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Anekāntavāda And Syādvāda: The Concomitance Of One And Many

Published: 04.11.2011
Updated: 02.07.2015

There are dialogues which throw light on the concomitance of one and many. The following dialogue is an illustration in point: -

Somila: 'Are you one or many, O Lord?'

Lord: 'I am one in respect of substance, O Somila, However, in respect of knowledge and intuition I am two. In respect of parts (constituents of a substance) I am immutable, eternal and unchanging. I am many in respect of the ever-changing phases of my consciousness.'[1]

The nature of the substance and modes entails the relationship of one and many.,, universal and particular, permanent and impermanent. The substance is one while the modes are many. The substance stands for the universal and the modes for the particular. The substance is eternal while the modes are changeable.

The universal is two-fold—the horizontal (tiryag) and the vertical (ūrdhva).[2] The proposition 'I am one', refers to the horizontal universal which is the experience of unity (ekatva), pervasiveness (anvaya) and essence (dhruvatva). The proposition 'I am many', in respect of the successive functions of my consciousness represents the vertical universal. There is the experience of before and after in it. The horizontal universal is the essence pervading through the different contemporary states, which establishes their unity. The vertical universal consists in the successive changes that are similar, which establishes a unity running through the past, present and future.

We find elaborate investigations into the nature of non-absolutism and the doctrine of relativism in the Āgamic literature. The dictum—no word of the jina is independent of naya (a particular viewpoint) is the reputed principle of Āgamic exegesis. Each proposition of the Āgama was explained by means of the nayas. The tradition says that the Dṛṣṭivāda, the twelfth text of the basic scripture, contained philosophical discussions based on different viewpoints. By the third century B.C. the main part of the text was lost, leaving behind only a fragment of it. Vācaka Umāsvāti and Ācārya Siddhasena were the pioneers in the application of the nayas to the different philosophical problems of their times and Ācārya Samantabhadra carried this process to its consummation by including a good number of new issues that had cropped up by his time. Siddhasena clearly demonstrated that the Sāṃkhya system illustrated the substantial standpoint whereas the Buddhist philosophy is a representive of the modal viewpoint. In this way he made an evaluation of all the systems of thought that were extant, from the relativistic standpoint, with reference to different nayas. The most important treatise of his on the subject is the Sanmati Tarka, while the most significant work of Samantabhadra on this subject is the Āpta-Mīmāṃsā, in which he has most successfully been able to apply the principle of sevenfold predication to the current problems of universal and particular, identity and difference, existence and non-existence and such other mutually opposed doctrines to establish a synthesis between them. Both these treatises can be regarded as pioneer works of the philosophy of non-absolutism.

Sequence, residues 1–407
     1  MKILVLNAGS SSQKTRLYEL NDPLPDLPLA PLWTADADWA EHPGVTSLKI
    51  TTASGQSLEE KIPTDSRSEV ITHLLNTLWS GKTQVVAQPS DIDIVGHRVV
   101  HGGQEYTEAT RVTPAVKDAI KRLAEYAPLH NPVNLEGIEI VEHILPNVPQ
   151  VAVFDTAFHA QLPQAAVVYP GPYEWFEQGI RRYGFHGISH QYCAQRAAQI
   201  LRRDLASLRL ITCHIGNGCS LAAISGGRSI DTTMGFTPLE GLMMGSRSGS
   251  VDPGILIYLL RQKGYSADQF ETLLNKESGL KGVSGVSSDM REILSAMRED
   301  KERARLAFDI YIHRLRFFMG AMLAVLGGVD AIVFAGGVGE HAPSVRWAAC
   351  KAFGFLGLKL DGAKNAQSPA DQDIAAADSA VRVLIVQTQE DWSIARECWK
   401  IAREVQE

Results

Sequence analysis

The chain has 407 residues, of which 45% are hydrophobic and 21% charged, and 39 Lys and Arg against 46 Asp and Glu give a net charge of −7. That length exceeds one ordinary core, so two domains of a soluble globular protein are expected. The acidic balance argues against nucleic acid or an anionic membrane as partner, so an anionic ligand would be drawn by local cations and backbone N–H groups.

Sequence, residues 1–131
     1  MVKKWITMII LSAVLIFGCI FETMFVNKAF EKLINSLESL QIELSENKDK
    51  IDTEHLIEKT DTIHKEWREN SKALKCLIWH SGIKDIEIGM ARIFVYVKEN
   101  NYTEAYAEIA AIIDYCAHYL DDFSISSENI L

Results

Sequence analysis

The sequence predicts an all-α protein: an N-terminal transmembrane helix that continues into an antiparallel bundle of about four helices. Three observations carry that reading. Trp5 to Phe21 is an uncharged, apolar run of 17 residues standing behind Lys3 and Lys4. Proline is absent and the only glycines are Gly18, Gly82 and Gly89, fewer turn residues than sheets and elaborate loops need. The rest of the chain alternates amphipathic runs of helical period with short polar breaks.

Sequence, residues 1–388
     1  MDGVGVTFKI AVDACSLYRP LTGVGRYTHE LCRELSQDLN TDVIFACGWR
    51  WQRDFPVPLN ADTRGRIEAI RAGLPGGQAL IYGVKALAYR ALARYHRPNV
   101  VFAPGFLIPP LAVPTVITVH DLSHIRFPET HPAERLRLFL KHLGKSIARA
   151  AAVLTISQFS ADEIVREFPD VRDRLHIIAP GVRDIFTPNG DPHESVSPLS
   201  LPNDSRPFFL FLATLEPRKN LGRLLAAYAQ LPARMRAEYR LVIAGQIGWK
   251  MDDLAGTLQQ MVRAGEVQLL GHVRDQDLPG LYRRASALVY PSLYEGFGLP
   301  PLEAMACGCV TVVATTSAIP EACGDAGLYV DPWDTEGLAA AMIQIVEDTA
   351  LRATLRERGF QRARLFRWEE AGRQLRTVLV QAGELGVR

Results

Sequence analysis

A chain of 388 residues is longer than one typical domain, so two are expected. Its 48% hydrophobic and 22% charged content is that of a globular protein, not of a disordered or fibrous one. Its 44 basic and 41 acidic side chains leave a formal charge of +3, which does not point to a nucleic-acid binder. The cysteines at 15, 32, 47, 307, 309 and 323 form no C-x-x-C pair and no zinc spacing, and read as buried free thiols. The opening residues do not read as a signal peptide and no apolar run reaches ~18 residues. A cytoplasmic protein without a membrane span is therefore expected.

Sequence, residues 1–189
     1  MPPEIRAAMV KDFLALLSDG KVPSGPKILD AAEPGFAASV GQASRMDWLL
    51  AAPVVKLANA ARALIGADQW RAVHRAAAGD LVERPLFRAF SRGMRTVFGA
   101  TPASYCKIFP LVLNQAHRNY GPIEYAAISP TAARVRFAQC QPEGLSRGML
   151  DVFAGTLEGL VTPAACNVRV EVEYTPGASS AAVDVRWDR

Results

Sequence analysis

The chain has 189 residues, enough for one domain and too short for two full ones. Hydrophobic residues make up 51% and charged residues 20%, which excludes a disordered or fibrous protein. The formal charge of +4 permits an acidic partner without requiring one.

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Published by:
Jain Vishwa Bharati Institute
Ladnun - 341 306 (Rajasthan) General Editor:
Sreechand Rampuria
Edited by:
Rai Ashwini Kumar
T.M. Dak
Anil Dutta Mishra

First Edition:1996
© by the Authors

Printed by:
Pawan Printers
J-9, Naveen Shahdara, Delhi-110032

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Page glossary
Some texts contain  footnotes  and  glossary  entries. To distinguish between them, the links have different colors.
  1. Anvaya
  2. Consciousness
  3. Dhruvatva
  4. Dṛṣṭivāda
  5. Ekatva
  6. Jina
  7. Naya
  8. Nayas
  9. Non-absolutism
  10. Siddhasena
  11. Sāṃkhya
  12. Tarka
  13. Tiryag
  14. Umāsvāti
  15. Ācārya
  16. Āgama
  17. ūrdhva
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